some of the parents I met at playdate aren't so with it though! One of their kids was eating a power bar!!! What is a 4 yo doing eating a power bar!? one of the mom's is a psychiatrist and she thought this food allergy stuff was in people's heads! I have to work on her.

Posted on: Mon, 08/19/2002 - 10:51am
dhumphries's picture
Joined: 02/02/1999 - 09:00

I too have had fairly positive experience - bether than I expected. A note is to go home to parents (it wasn't in our folder, hope that was not because it didn't go but instead because he would not need it) explaining that the room was to be peanut free. I also took a box of safe snacks in case some had to be confiscated. My sons class is first to lunch so the tables have been cleaned the night before, and he is seated at the end and only kids with lunch trays will sit next to him. The food service director for the district personally met me at the cafeteria today to assure me that the cafeteria was committed to being peanut free. I am also apprehensive, but feel that the school is working toward the goal of keeping my son safe. I trained his teacher on the use of the epi which he wears on him in a fanny pouch. There is also one kept in the nurses office at all times. I too have an individual emergency plan on file so that everyone will know my expectations in case of an emergency. So, things seem to going along ok. Good luck to all.

Posted on: Mon, 08/19/2002 - 11:56am
anonymous's picture
Joined: 05/28/2009 - 16:42

I'd like to add another positive experience.
Our school principal is quite worried about the Kindergarten playground equipment and my son's exposure to peanuts, so he decided to implement a new snack policy in Kindergarten. All Kindergarten classes (AM and PM) will have recess BEFORE snack. This way it will reduce the chance of exposure to oily peanut residue. Nothing is 100%, and he can't control who is on the playground during non-school hours, but this new policy was his idea, and I thought it was a great way to help reduce a possible exposure to peanuts via shared playground equipment.

More Community Posts

Peanut Free and Nut Free Community

create a new community post
Latest Post by mariannemvt10152 Mon, 10/21/2019 - 5:12am
Comments: 0
Latest Post by Italia38 Sat, 10/19/2019 - 10:03am
Comments: 2
Latest Post by sunshinestate Fri, 10/18/2019 - 11:59am
Comments: 3
Latest Post by sunshinestate Fri, 10/18/2019 - 9:41am
Comments: 2
Latest Post by sunshinestate Fri, 10/18/2019 - 9:24am
Comments: 1
Latest Post by Italia38 Tue, 10/08/2019 - 12:19pm
Comments: 3
Latest Post by Italia38 Tue, 10/08/2019 - 12:18pm
Comments: 1
Latest Post by penelope Mon, 10/07/2019 - 7:16pm
Comments: 10
Latest Post by penelope Mon, 10/07/2019 - 7:13pm
Comments: 13
Latest Post by penelope Mon, 10/07/2019 - 7:10pm
Comments: 9
Latest Post by mom2two Mon, 09/16/2019 - 1:03pm
Comments: 18
Latest Post by desmond Mon, 09/16/2019 - 1:00pm
Comments: 1
Latest Post by desmond Mon, 09/16/2019 - 12:58pm
Comments: 19
Latest Post by TeddyCan Mon, 09/09/2019 - 4:32pm
Comments: 10
Latest Post by DTurner Mon, 09/09/2019 - 4:31pm
Comments: 5
Latest Post by B.M.18 Mon, 09/09/2019 - 4:30pm
Comments: 3
Latest Post by abolitionist146 Mon, 09/09/2019 - 4:28pm
Comments: 2

More Articles

You might have wondered if small amounts of an ingredient can be added to a food product without being declared on the food’s label. The FDA...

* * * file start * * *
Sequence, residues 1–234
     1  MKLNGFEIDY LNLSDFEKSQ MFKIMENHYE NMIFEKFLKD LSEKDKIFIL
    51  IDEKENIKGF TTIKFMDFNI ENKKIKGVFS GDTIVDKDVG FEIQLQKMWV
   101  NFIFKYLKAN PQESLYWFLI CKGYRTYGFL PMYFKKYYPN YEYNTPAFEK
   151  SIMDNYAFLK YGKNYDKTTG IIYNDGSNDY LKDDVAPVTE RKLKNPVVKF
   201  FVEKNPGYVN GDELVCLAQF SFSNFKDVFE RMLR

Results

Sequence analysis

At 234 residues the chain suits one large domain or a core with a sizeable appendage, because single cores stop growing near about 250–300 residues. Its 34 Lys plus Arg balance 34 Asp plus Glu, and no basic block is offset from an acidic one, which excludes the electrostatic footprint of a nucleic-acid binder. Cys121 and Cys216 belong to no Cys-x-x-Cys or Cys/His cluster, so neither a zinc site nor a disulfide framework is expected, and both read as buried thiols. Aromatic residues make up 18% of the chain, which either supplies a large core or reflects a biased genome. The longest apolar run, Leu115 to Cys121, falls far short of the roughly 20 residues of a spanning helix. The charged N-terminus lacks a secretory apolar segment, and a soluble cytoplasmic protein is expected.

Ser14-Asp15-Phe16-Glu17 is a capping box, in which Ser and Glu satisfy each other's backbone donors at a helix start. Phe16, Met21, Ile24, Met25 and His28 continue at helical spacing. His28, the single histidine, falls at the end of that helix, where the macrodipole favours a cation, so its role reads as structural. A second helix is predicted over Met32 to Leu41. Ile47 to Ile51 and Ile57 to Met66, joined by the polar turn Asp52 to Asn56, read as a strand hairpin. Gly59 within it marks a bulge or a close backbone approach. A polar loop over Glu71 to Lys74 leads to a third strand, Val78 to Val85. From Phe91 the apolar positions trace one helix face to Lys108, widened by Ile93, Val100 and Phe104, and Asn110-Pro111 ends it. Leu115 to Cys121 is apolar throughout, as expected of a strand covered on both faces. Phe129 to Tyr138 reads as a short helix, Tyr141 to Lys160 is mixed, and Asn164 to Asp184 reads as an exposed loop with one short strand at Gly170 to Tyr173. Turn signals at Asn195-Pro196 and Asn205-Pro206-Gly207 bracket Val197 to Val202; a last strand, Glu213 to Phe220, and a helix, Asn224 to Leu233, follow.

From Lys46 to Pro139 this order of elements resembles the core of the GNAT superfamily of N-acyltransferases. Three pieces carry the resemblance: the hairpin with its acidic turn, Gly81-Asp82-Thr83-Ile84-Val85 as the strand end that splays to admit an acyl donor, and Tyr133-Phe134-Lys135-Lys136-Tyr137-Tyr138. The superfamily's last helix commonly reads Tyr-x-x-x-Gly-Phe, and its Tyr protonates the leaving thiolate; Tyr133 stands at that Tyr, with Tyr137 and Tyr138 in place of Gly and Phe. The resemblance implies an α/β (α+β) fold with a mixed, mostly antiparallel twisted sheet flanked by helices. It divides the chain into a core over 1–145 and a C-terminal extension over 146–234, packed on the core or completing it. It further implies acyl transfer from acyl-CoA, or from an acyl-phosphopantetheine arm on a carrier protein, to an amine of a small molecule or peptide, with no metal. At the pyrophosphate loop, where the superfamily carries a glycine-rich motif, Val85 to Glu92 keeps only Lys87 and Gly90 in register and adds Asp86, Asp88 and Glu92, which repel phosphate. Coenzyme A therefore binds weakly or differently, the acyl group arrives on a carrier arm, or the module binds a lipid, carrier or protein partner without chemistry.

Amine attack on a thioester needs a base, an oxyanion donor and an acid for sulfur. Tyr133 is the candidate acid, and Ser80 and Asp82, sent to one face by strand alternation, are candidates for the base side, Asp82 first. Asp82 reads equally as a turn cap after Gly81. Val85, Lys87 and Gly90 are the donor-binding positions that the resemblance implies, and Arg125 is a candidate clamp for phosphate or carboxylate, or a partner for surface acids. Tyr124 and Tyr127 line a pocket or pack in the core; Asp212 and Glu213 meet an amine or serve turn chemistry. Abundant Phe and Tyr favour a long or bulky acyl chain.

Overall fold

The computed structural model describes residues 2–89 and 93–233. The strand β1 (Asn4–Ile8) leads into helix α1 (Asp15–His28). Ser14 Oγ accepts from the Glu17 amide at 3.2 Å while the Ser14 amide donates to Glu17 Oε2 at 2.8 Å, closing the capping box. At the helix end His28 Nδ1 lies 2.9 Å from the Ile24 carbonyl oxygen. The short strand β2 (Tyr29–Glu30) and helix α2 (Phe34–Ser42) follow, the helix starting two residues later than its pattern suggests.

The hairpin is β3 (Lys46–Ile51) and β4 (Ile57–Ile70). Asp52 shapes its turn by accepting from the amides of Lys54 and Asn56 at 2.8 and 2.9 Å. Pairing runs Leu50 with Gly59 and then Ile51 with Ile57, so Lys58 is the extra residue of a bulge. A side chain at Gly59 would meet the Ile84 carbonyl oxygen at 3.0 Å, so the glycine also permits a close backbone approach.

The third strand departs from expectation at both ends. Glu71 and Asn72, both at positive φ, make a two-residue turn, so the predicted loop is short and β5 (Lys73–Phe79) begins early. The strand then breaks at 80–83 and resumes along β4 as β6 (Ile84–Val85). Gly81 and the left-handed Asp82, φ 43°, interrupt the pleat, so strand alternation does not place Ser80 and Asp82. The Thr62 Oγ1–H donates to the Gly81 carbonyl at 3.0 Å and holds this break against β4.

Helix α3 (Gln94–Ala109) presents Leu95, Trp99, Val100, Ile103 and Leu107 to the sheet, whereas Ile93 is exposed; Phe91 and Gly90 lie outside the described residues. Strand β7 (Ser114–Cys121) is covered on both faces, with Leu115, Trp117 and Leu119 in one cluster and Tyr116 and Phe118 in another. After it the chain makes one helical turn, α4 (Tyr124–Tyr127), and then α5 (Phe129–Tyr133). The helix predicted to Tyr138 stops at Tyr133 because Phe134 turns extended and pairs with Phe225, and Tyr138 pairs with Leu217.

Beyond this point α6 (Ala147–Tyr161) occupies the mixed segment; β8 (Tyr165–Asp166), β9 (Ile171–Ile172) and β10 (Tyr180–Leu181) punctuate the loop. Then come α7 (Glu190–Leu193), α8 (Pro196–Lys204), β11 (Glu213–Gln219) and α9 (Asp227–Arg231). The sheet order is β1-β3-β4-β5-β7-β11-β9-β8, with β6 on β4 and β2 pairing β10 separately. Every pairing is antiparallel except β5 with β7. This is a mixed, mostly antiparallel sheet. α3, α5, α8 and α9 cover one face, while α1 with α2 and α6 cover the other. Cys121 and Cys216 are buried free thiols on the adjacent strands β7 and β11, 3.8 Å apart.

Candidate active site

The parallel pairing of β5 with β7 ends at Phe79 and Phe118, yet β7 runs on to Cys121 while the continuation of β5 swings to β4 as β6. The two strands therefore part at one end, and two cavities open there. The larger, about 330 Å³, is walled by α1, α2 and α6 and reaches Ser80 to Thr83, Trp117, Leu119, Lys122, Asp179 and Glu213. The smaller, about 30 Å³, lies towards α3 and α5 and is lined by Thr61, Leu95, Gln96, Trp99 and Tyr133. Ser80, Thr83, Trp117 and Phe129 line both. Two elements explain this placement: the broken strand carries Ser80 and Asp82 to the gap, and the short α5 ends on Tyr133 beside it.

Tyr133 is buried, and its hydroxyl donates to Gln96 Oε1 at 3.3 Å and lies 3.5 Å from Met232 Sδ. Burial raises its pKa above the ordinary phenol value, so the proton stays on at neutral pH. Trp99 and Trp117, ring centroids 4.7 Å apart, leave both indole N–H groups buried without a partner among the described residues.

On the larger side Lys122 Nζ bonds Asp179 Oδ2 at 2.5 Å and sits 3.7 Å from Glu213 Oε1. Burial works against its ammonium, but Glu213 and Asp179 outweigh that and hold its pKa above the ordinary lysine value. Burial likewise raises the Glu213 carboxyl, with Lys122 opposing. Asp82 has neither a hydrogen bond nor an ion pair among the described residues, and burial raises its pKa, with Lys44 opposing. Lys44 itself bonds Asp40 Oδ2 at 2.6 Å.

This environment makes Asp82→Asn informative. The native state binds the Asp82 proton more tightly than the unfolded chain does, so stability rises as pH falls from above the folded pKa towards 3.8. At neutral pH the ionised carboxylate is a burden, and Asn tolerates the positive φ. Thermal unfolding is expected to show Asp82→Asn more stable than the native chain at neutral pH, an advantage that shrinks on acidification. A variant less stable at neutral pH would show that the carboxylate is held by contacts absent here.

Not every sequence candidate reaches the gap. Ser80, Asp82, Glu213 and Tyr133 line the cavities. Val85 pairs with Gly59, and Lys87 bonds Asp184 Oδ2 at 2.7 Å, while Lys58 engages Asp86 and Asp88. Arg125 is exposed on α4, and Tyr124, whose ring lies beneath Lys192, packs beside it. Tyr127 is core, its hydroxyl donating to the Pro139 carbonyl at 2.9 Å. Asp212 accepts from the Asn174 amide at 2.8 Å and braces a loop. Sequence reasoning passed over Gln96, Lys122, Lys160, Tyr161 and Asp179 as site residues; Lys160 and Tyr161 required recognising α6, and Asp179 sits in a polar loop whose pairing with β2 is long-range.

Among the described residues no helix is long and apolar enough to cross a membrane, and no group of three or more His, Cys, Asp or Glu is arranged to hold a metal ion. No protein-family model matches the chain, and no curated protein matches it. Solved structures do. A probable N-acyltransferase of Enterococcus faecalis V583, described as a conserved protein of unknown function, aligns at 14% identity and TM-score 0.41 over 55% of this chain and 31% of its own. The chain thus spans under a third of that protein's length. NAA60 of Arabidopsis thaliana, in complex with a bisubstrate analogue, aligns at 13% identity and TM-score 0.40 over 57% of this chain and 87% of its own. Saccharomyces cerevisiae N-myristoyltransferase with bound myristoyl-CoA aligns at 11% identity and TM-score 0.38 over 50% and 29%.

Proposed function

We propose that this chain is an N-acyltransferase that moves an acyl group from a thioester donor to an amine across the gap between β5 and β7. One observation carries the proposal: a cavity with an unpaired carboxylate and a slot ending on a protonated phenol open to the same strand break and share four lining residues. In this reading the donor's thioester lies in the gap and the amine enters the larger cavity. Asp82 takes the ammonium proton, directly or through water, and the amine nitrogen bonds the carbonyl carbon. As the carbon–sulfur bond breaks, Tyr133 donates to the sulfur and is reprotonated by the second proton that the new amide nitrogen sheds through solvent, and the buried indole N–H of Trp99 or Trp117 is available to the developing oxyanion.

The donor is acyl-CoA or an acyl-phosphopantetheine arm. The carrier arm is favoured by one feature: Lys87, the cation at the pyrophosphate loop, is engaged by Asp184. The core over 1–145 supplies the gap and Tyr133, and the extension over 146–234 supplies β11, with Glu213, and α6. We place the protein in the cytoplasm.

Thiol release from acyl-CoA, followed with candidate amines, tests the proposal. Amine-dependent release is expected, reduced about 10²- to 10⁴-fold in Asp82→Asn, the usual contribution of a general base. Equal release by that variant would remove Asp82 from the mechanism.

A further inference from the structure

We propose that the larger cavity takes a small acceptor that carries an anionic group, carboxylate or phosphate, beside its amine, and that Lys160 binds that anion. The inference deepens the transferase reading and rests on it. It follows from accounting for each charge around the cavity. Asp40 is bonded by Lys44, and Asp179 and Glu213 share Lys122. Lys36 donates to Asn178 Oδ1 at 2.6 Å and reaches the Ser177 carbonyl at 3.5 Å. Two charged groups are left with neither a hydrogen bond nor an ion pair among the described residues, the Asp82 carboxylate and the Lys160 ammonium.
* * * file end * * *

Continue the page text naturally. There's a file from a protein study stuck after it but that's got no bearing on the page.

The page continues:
Is it possible to eat your way to a food allergy cure? Scientists think it’s...

There are many reasons why you may want to substitute almond flour for wheat flour in recipes. Of course, if you have a...

Not all oils are created equal. Some oils are high in saturated fats or in trans-fatty acids – not good for general health. Some are partially...

It may never be safe to begin feeding peanut butter to your baby or toddler if you have peanut allergies in your family. If either parent or one...

More Articles

More Articles

What is a peanut allergy? It is a reaction that occurs in the body after eating peanuts or peanut...

For those with severe food allergies, flying can be a stressful process. Here are...

Approximately one out of 13 children under age 18 are allergic to at least one food, though many of them will outgrow their allergy by the age of...

Fact 1: Over a third of food allergy reactions happen after the first known oral...

The reason why some people are affected by allergies while others are not begins in their genes. Allergies are passed down from generation to...

Here’s a tip that might someday save your life, or that of a loved one: two to four times a year, review the proper way to use your epinephrine...

Lactose intolerance is the inability to process lactose, a sugar found in milk, caused by the lack of a needed enzyme. Those with lactose...

Food Allergen Labeling and Consumer Protection Act (FALCPA)

An important part of peanut allergy awareness was enacted on January 1, 2006...

Tomato allergies are very rare. They are a "type 1 allergy," which means a contact allergy. When a person with this type of allergy touches a...

Milk allergies are becoming more common, especially in babies and small children. There is some confusion about what is an allergic reaction and...

Recognizing food allergy in babies or toddlers is not always easy, but there are specific risk factors and signs that parents and other caregivers...

Burlap bags are often used to store and ship coffee beans, potatoes, rice, seeds, nuts, and peanuts. They can be one of the disguised...

People with pollen allergies need to stay away from some foods. If you have allergic rhinitis in the spring or fall, you may not realize that you...

Of course, everyone knows that if you have a peanut allergy that you should avoid peanuts, peanut butter, peanut butter cookies and foods that...

Eating at a nut-free lunch table in school is a safety precaution that causes some students to feel isolated from their peers. Unfortunately,...